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Old 09-16-2021, 05:57 PM   #19
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If you have never flushed the transmission, now is the time to do it.
I'm used to pulling with an undersized engine and I never try to maintain speed on long hills. Give your equipment a break. 4500+ rpm is a bit high for extended run under load if you can in fact hold 55 mph.
My worst run was Sandstone mountain in West VA. ...5 Miles in 1st gear at maybe 30-35 mph. Figured with all the tough run before that in VA and PA, my tranny and or the fluid might be toast but my mechanic said they didn't see anything wrong with the fluid and did not need to install the filter. I always flush at 50,000 Km intervals and the truck had an add-on 22,000 BTU cooler on the transmission.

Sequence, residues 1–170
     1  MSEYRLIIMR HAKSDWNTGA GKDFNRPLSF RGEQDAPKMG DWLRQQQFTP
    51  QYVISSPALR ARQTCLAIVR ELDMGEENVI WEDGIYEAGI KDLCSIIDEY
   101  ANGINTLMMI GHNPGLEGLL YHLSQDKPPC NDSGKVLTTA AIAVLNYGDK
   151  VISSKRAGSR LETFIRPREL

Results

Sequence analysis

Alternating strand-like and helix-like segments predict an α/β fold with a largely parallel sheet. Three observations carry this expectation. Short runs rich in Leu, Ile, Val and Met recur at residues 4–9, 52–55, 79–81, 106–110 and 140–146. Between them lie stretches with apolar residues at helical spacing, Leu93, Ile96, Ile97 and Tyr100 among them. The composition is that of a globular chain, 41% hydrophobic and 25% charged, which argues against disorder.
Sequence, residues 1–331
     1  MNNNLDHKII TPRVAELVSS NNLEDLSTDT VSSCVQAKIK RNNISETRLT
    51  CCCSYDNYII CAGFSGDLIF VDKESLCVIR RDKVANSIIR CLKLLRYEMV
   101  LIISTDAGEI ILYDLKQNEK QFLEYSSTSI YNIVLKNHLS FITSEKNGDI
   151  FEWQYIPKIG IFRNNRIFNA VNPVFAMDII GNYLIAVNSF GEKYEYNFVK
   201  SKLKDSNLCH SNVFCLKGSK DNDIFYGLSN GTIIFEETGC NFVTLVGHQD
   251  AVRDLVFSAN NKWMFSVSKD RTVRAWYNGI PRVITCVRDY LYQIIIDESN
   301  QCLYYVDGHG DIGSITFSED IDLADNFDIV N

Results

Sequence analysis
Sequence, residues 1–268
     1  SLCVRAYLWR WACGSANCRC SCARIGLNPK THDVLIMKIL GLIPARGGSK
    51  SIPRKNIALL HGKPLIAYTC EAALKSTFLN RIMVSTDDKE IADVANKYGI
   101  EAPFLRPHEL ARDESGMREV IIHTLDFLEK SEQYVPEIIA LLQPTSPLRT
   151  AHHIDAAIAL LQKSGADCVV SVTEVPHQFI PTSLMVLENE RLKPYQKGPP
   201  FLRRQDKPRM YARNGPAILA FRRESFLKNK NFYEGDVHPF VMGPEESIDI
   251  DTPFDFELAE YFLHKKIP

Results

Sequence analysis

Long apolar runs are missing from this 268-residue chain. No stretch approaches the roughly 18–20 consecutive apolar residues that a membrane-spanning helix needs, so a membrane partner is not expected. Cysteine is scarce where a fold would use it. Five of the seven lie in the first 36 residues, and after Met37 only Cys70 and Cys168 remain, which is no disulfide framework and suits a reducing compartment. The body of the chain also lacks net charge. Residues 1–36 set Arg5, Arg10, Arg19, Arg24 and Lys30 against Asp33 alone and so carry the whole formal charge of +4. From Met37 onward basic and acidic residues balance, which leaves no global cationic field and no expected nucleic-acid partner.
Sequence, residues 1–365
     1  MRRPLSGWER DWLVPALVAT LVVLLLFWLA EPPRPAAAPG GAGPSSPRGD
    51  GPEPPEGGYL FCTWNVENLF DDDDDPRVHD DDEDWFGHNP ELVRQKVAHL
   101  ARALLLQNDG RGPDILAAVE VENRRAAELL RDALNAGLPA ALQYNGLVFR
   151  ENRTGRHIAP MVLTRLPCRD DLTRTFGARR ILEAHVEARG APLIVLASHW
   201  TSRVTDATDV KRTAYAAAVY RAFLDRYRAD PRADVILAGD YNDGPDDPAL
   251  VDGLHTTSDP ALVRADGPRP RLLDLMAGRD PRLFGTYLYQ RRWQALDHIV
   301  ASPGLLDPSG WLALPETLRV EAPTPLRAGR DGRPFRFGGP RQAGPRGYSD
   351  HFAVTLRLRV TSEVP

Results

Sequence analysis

I have been told anything over 200 temp on transmission fluid means a flush, especially if it happens for an extended time.
Gave this truck to my daughter at 286,000 km. She will run it for at least another 5 years in Toronto traffic.
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Old 09-19-2021, 06:26 AM   #20
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Absence of internet, not gratitude accounts for my tardy response.
I got oil changed, but cannot get it in for flush or fan clutch (never thought of that, it does spin).
We will head down from Leadville to Denver Monday, taking it slow.
Thanks for your interest and help.